neighborhood (neighborhood is informally defined as the a              [9] Atul Adya, Paramvir Bahl, Jitendra Padhye, Alec Wolman, and Lidong
region where any two communications on the same channel                   Zhou, “A Multi-Radio Unification Protocol for IEEE 802.11 Wireless
interfere), the total number of interfaces available among all            Networks,” in IEEE International Conference on Broadband Networks
                                                                          (Broadnets), 2004.
nodes in the neighborhood has to be at least 2 ∗ N . If the total    [10] Paramvir Bahl, Ranveer Chandra, and John Dunagan, “SSCH: Slotted
number of interfaces is less than that, then the lack of sufficient        Seeded Channel Hopping for Capacity Improvement in IEEE 802.11
number of interfaces will be a bottleneck to performance. On              Ad-Hoc Wireless Networks,” in ACM Mobicom, 2004.
                                                                     [11] Richard Draves, Jitendra Padhye, and Brian Zill, “Routing in Multi-
the other hand, if the total number of interfaces is significantly         Radio, Multi-Hop Wireless Mesh Networks,” in ACM Mobicom, 2004.
larger than 2 ∗ N , then the contention on the channels will be      [12] N. Shacham and P. King., “Architectures and Performance of Multi-
a bottleneck to performance. Thus, selecting the number of                channel Multihop Packet Radio Networks,” IEEE Journal on Selected
                                                                          Area in Communications, vol. 5, no. 6, pp. 1013– 1025, July 1987.
interfaces M each node should have depends on the network            [13] Jungmin So and Nitin H. Vaidya, “A Routing Protocol for Utilizing
density, topology, and the desired cost or performance.                   Multiple Channels in Multi-Hop Wireless Networks with a Single
   Multiple channels may be used to derive other benefits.                 Transceiver,” Tech. Rep., University of Illinois at Urbana-Champaign,
                                                                          October 2004.
For example, we have proposed to use a single-path routing           [14] Ashish Raniwala, Kartik Gopalan, and Tzi-cker Chiueh, “Centralized
algorithm. In single channel networks, multi-path routing                 Channel Assignment and Routing Algorithms for Multi-Channel Wire-
algorithms are often not effective as the chosen paths have               less Mesh Networks,” Mobile Computing and Communications Review,
                                                                          vol. 8, no. 2, pp. 50–65, April 2004.
to be interference-disjoint (i.e., the paths should not interfere    [15] Ashish Raniwala and Tzi-cker Chiueh, “Architecting a High-Capacity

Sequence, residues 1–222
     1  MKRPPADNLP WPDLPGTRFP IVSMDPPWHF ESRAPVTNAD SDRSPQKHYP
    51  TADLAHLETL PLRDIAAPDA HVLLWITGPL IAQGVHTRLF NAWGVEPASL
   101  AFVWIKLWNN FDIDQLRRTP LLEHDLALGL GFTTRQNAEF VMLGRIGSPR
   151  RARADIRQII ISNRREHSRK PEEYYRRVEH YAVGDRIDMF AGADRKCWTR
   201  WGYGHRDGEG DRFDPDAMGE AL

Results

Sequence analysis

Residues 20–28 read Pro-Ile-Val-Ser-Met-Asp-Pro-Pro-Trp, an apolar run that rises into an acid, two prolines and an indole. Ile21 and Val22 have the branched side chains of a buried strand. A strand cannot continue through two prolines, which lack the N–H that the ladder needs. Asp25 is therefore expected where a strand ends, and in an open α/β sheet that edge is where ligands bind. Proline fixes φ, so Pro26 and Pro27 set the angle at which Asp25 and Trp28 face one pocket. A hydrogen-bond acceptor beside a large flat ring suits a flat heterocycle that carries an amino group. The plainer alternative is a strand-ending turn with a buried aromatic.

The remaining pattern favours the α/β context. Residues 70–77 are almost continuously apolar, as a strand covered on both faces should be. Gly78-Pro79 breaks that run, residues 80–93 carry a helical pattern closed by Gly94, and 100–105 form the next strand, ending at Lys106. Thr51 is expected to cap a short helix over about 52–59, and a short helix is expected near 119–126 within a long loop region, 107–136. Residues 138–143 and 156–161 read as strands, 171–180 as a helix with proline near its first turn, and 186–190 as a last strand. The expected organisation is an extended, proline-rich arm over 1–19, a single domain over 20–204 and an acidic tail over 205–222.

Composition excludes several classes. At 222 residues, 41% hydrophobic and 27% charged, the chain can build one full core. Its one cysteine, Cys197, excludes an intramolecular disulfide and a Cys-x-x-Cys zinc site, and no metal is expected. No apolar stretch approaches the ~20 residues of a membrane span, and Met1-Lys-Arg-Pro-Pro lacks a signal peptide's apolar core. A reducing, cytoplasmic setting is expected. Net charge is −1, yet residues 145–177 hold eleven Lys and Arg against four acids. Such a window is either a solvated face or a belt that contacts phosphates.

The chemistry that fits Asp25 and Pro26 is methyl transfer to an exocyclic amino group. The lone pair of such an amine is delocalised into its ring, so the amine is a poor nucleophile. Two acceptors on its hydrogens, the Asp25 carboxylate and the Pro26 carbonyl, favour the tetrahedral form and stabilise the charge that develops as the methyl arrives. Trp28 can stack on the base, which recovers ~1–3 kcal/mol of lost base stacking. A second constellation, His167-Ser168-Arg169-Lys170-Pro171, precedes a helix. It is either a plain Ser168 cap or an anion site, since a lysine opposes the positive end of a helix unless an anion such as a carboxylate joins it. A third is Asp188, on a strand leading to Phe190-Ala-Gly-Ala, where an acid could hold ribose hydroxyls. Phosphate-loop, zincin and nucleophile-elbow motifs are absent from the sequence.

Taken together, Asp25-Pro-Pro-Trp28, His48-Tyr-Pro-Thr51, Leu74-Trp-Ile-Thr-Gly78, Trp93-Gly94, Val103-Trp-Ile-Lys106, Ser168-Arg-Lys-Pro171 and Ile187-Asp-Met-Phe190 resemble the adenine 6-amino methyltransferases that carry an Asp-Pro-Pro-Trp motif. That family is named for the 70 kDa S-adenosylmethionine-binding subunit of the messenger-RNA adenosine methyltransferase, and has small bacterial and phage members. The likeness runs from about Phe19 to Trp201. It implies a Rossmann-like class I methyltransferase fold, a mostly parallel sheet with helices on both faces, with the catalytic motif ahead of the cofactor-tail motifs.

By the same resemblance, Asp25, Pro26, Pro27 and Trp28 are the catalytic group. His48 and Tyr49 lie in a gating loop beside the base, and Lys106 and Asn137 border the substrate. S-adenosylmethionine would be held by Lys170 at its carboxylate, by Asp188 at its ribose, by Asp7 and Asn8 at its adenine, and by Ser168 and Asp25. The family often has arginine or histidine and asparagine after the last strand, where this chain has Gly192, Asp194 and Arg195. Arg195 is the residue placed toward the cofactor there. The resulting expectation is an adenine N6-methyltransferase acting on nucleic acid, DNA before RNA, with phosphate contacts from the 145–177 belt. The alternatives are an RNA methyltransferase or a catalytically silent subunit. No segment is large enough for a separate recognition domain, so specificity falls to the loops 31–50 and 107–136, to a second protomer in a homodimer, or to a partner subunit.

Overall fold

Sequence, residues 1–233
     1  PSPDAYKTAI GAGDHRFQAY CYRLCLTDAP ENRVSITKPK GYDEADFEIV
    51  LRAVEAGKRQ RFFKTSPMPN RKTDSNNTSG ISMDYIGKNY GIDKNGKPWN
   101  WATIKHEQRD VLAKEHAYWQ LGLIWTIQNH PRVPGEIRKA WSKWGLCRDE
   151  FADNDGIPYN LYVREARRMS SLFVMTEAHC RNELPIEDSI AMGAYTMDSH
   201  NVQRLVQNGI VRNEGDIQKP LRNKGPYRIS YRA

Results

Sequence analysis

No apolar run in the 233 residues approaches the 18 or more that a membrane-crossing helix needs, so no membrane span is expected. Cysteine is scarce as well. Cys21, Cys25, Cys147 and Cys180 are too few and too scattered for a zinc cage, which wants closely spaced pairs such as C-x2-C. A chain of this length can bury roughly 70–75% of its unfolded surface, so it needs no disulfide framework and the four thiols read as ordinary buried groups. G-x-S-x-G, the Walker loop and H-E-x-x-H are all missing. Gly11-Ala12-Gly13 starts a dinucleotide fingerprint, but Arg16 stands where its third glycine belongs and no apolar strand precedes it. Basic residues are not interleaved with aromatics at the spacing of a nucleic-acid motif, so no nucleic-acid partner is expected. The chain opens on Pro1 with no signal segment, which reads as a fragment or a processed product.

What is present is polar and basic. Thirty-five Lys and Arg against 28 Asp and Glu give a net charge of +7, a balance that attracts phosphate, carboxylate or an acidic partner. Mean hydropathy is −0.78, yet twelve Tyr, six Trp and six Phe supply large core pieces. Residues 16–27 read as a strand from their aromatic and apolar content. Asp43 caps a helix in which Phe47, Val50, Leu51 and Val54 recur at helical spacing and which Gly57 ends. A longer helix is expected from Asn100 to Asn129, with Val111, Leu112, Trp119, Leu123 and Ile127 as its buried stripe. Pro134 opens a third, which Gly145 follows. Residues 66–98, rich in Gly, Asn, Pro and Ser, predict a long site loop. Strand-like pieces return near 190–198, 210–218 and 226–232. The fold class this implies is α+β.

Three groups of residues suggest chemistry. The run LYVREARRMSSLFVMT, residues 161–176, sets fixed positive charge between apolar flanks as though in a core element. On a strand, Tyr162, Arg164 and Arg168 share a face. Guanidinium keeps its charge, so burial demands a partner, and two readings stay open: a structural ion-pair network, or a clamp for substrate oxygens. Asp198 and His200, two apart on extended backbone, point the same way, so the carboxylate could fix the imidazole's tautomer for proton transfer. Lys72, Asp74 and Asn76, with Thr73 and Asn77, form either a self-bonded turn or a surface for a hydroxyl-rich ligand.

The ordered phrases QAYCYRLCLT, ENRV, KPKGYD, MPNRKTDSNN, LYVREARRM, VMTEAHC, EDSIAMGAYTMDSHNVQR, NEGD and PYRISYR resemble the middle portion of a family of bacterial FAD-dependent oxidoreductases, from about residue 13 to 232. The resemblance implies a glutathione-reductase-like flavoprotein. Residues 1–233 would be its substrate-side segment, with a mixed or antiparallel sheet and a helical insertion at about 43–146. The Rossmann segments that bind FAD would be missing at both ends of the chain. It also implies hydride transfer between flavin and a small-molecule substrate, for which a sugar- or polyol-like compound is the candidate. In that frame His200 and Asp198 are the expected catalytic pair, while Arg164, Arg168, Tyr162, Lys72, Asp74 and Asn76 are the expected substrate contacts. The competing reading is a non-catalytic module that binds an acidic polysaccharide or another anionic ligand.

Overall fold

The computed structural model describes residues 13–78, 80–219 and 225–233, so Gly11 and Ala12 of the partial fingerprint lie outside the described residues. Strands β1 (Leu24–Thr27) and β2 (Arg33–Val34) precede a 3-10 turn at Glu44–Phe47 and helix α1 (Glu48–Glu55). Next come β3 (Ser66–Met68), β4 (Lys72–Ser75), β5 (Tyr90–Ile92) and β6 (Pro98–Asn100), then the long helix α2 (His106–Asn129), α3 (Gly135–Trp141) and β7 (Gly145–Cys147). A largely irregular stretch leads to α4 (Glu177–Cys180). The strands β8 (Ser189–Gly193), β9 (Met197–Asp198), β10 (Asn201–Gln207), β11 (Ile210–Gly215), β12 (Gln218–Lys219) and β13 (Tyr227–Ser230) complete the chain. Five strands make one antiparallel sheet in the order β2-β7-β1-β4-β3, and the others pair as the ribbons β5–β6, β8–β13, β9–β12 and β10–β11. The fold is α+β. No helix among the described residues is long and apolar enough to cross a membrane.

on the wireless channel), and it is often difficult to find such            Last-Mile Wireless Mesh Network,” in ACM Mobiciom (Poster), 2004.
paths. On the other hand, if multiple channels are available,        [16] Marco Ajmone Marsan and Fabio Neri, “A Simulation Study of
                                                                          Delay in Multichannel CSMA/CD Protocols,” IEEE Transactions on
then it is sufficient for the paths to be node-disjoint, as it may         Communications, vol. 39, no. 11, pp. 1590–1603, November 1991.
be possible to select routes that use different channels. When       [17] Ranveer Chandra, Paramvir Bahl, and Pradeep Bahl, “MultiNet: Con-
the node density is high, the number of node-disjoint paths               necting to Multiple IEEE 802.11 Networks Using a Single Wireless
                                                                          Card,” in IEEE Infocom, Hong Kong, March 2004.
may be large, while the number of interference-disjoint paths        [18] “Maxim 2.4 GHz 802.11b Zero-IF Transceivers,” http://pdfserv.maxim-
is still small. Hence, multiple channels may simplify the use   
of multi-path routing algorithms.                                    [19] David B. Johnson, David A. Maltz, and Yih-Chun Hu, “The Dynamic
                                                                          Source Routing Protocol for Mobile Ad Hoc Networks (DSR),” Ietf
                    VII. C ONCLUSION                                      Manet Working Group (Draft 10), 2004.
                                                                     [20] C. Perkins, E. Belding-Royer, and S. Das, “Ad hoc On-Demand Distance
  In this paper, we have argued that capacity improvements                Vector (AODV) Routing,” in Ietf RFC 3561, July 2003.
with multi-channel networks can be exploited even when the